James J. Lynch, Ph.D., a psychologist, researcher, and author, is a pioneer in the field of the health implications of human loneliness and social isolation. His three books on the topic include The Broken Heart: The Medical Consequences of Loneliness (1976), The Language of the Heart: The Human Body in Dialogue (1985) and A Cry Unheard: New Insights into the Medical Consequences of Loneliness (2000). He has also authored fifteen chapters in medical textbooks and over 100 articles in peer reviewed medical journals.
The Consequences of Loneliness: Interview with James Lynch
Can you briefly describe your area of expertise and background?
Lynch: I started working in this field in 1965 as a post-doc student at Johns Hopkins Medical School under W. Horsley Gantt, M.D., who was the last American student of Ivan Pavlov. We were essentially trying to create hypertension in animals to develop drugs to control high blood pressure (in humans). By accident, we started to notice the powerful effect humans had on these animals' cardiovascular system. We began to observe if you pet a dog, its blood pressure will drop fifty percent. And we began to see this effect throughout the animal kingdom, and we published a number of studies on it. But no one paid any attention to this, because it was the 1960s, when Dr. Christian Barnard performed the first heart transplant in South Africa. Which was, in essence, the culmination of the mechanistic model. It was the absolute pump as a heart!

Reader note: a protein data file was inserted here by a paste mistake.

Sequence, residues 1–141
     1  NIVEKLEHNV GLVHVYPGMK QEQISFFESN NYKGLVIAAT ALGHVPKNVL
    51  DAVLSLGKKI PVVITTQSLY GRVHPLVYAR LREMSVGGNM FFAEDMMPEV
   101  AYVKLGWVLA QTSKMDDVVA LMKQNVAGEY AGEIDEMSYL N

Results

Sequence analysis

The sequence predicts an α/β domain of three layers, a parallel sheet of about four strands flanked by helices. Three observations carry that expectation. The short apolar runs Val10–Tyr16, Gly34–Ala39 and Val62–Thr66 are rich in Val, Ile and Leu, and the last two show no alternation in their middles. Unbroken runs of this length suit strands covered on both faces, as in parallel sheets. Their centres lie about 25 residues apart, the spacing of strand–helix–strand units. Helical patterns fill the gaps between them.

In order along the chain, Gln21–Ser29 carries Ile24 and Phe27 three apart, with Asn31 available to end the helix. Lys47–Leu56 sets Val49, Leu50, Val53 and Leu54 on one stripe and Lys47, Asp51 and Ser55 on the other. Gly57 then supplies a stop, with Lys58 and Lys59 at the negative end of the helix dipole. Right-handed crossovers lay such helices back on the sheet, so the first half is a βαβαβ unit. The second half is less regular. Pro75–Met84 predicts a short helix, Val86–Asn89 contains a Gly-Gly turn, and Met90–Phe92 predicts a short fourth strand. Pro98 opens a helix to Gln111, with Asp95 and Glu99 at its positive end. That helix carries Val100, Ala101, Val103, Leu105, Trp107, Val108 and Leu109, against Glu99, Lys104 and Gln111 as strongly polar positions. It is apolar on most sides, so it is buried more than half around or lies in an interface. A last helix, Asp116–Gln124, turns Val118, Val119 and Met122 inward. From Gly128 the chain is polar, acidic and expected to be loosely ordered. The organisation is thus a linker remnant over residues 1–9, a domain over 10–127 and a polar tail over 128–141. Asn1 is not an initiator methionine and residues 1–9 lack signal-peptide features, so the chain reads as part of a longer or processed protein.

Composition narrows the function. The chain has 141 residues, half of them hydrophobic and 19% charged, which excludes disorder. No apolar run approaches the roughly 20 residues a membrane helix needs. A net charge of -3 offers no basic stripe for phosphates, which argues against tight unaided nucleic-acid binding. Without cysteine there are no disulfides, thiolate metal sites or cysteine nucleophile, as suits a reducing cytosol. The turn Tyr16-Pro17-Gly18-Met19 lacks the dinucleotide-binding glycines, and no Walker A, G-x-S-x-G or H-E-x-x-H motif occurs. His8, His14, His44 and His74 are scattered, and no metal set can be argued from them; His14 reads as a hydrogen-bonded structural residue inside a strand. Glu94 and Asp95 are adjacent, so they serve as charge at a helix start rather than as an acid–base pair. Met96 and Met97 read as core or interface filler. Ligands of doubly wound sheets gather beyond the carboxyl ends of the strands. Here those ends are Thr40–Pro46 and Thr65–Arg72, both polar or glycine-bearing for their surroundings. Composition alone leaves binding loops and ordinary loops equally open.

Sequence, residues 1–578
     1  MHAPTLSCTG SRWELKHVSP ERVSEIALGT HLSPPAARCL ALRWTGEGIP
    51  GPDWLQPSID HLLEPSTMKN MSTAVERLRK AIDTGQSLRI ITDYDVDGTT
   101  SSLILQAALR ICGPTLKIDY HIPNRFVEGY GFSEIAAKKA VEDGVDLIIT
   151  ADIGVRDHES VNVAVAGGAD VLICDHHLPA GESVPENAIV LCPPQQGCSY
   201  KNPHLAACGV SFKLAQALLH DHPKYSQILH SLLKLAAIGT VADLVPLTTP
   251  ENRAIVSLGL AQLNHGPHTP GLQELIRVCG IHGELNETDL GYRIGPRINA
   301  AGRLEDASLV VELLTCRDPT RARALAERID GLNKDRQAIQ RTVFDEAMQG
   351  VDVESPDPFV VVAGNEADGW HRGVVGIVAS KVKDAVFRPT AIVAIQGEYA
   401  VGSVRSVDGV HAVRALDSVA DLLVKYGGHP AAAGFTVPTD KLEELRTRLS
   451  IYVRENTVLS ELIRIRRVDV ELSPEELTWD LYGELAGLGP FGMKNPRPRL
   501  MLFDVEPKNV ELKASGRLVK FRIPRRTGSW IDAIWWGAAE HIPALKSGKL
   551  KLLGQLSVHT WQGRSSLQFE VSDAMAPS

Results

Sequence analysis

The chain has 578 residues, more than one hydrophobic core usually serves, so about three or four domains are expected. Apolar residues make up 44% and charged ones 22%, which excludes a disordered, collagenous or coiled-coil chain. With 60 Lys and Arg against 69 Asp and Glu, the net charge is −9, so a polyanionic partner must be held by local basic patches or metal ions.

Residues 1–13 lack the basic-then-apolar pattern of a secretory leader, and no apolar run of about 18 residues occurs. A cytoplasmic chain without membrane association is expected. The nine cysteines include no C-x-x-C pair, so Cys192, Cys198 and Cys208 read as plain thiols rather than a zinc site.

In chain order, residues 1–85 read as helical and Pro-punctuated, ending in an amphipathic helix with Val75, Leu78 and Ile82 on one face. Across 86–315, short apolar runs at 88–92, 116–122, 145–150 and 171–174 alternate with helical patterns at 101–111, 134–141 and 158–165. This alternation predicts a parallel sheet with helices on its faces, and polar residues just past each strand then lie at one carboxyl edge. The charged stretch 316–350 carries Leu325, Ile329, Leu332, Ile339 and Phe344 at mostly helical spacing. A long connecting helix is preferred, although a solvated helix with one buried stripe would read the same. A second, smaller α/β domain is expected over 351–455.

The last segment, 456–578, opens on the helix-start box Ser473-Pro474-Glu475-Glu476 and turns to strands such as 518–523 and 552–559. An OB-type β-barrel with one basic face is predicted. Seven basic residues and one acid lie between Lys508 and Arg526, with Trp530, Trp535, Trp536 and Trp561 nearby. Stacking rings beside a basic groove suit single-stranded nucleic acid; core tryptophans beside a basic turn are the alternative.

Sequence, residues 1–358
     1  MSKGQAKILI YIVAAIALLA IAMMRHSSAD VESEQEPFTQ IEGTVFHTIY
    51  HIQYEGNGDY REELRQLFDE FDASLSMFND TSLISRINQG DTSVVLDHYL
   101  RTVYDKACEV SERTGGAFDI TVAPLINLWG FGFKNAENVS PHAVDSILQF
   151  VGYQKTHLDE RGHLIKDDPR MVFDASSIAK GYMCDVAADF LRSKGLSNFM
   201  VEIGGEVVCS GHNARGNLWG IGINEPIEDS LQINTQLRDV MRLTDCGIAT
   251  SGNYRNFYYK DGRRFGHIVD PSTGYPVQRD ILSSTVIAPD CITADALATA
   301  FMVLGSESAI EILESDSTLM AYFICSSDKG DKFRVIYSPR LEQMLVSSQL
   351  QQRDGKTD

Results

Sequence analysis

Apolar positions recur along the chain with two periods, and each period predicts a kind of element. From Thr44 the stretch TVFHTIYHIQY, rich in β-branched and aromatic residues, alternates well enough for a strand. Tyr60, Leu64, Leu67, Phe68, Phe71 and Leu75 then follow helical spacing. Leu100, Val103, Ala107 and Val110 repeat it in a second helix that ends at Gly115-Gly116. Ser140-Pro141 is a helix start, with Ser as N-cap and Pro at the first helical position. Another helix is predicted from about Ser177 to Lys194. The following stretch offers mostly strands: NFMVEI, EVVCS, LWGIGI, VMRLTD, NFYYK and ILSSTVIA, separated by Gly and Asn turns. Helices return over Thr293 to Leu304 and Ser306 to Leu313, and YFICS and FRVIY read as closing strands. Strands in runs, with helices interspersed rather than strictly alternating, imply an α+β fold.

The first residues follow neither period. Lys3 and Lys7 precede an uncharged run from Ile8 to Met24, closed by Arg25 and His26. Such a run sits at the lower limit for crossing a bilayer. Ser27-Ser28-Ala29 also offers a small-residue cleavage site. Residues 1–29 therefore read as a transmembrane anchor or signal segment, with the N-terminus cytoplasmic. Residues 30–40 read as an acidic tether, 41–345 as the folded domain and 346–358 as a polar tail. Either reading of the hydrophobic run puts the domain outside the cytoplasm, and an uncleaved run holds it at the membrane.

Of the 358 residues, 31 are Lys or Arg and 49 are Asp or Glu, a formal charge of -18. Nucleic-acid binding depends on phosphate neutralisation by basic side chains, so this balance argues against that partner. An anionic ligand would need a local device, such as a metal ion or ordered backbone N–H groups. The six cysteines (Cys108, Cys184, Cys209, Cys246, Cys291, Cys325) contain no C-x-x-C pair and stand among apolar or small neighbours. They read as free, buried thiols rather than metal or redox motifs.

From there, I eventually became a professor at the Maryland Medical School, where we asked this question: If human beings can affect the hearts of animals, can we affect other human being's hearts in similar ways? We began to monitor patients and watch them around the clock. What happened if a wife sat by the patient's bedside? What happened when a nurse took a patient's pulse? We began to see that even the most transient human contact had marked effects on heart rate and blood pressure. And we began to study patients in the trauma units who were in comas and couldn't move a muscle. We began to see that when you held a patient's hand, even in this acute state, there was an immediate heart rate reaction to the human touch.
That led to the next question: If transient contact between human beings has such an effect on the cardiovascular system, what does the long-term absence of human contact do to our hearts? Does human loneliness have an effect on our hearts?
How did you go about exploring this previously-ignored relationship between human feelings and health outcomes?
Lynch: 1970 was the first census year that marital status was taken into account on health surveys; prior to that it wasn't even considered an important variable. And when I looked at this data, I was shocked to see that single people in the United States, whether never married or widowed or divorced, had a 2-10 times higher death rate than married people. This was true of all ages, races, and both sexes, across the country.
The effects were very pronounced with heart disease. That's when I wrote and published my first book, The Broken Heart: The Medical Consequences of Loneliness, documenting this.
That book had quite a powerful effect on the national psyche back in the seventies. People kind of intuitively knew that loneliness had something to do with their health, but how do you go from loneliness to hypertension or stroke or cancer? What are the mechanisms?
It was then that we got the first automated blood pressure machine, which allowed us to talk to patients while studying their cardiovascular systems. We started to notice that talking had profound effects on blood pressure across the board. And at first it looked like a paradox that loneliness kills, but when you talk your blood pressure goes way up! And we began to see later on that it was the very people who had the largest pressure rises when they spoke that tended to withdraw from contact with people because of this unfelt stress.